Assistant Professor of Politics and Public Affairs, Princeton University
February 5, 2016
3:15pm - 5:00pm
Dining Room, Busch Hall
Please note: There will be no presentation at this seminar. Attendees are expected to read a paper and be prepared to enter into a discussion.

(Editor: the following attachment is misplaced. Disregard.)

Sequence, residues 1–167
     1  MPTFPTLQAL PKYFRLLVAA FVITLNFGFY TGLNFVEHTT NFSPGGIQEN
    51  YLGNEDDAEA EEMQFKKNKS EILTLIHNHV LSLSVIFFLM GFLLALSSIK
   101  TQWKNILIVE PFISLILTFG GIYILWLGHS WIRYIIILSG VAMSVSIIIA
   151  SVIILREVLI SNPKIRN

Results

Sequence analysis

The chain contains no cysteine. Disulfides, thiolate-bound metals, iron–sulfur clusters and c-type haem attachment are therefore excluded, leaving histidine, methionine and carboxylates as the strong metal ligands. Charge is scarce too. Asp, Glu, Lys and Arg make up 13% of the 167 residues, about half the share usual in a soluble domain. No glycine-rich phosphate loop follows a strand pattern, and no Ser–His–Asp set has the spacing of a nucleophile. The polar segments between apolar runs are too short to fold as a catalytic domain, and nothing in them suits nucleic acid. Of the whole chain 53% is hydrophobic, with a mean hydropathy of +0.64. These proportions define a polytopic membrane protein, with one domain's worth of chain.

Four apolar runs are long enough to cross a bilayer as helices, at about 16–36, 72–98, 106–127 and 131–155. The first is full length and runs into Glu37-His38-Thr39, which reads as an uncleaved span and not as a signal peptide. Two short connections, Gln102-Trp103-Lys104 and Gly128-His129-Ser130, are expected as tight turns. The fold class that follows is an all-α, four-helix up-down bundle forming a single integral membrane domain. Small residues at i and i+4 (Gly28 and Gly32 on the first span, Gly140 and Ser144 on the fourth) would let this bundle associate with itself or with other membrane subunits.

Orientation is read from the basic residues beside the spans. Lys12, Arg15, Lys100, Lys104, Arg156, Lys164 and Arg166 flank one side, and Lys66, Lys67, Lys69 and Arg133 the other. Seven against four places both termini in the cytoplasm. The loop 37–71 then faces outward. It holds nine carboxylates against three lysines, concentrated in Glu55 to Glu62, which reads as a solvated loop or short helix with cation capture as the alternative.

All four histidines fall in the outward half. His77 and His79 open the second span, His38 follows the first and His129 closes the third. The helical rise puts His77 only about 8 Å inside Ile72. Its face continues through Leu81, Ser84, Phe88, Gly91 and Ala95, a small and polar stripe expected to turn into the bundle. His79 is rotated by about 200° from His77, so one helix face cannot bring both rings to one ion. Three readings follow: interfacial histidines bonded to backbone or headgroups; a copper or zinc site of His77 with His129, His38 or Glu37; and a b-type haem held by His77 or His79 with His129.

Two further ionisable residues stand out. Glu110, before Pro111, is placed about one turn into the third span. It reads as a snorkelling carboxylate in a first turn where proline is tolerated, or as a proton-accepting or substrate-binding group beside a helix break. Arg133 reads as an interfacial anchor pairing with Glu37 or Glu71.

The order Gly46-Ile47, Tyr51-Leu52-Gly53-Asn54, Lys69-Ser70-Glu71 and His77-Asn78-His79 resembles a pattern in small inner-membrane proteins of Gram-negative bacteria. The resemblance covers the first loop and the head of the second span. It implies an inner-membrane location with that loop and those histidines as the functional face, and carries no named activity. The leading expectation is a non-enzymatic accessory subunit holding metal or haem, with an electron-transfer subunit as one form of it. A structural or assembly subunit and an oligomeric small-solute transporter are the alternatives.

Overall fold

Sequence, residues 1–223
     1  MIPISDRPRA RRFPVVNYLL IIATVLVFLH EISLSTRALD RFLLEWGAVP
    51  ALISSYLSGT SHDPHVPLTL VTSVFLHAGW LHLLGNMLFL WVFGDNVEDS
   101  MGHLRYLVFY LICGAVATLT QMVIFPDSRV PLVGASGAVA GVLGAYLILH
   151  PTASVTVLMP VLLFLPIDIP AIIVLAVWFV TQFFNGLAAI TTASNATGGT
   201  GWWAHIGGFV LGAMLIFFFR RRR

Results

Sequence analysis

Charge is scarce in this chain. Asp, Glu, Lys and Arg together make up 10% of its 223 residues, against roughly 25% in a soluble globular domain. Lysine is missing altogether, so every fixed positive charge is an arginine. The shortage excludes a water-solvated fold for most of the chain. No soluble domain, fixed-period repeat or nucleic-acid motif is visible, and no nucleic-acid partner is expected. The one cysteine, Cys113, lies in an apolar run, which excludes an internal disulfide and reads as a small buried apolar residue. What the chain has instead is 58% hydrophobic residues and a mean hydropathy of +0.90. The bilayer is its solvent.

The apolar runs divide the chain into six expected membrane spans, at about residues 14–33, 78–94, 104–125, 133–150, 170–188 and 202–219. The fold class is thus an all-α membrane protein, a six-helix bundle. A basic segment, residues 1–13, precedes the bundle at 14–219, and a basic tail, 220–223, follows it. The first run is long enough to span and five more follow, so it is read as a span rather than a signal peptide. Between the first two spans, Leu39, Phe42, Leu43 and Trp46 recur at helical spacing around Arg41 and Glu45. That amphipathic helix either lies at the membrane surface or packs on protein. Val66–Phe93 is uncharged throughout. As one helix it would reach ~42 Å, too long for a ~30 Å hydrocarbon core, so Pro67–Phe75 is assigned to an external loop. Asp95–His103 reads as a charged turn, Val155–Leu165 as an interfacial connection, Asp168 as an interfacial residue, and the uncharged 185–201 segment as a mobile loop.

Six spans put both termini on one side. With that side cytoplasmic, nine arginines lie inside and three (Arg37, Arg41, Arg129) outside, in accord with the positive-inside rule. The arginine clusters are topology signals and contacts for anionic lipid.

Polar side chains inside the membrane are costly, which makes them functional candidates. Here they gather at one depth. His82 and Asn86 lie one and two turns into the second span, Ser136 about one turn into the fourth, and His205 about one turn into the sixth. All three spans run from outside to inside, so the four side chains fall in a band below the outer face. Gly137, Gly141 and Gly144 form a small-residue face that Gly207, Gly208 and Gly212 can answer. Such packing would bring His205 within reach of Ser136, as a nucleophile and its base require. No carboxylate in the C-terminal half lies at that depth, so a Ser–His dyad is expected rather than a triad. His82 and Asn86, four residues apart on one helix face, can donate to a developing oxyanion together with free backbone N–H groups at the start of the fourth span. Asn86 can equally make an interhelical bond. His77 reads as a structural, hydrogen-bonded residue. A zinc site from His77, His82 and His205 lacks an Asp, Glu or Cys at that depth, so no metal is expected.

Two central questions motivate Dilemmas of Inclusion: The Political Representation of Muslims in Europe: First, when and how do political parties include minority groups who face hostility from large segments of existing voters? Second, how do secular social democratic parties – the typical agents of minority integration – include groups whose views on social issues such as religion, sexuality and gender equality stand in direct opposition to those adopted in party programs and by core constituents? Dilemmas of Inclusion thus addresses how the multicultural dilemma, i.e., the tensions faced by liberal states that recognize internally illiberal cultural groups, plays out in the electoral sphere. It demonstrates that parties – irrespective of their ideological leanings – include minorities only when these can deliver pivotal votes. Yet, this short-run electoral strategy ultimately undermines parties’ ideological coherence and causes them to lose elections in the long run. Though politicians denounce Muslims’ inward-looking communalism and patriarchal social structures, the book bring to light that they exploit these traits for electoral gain and in the process alter the nature of electoral politics and the identity of parties.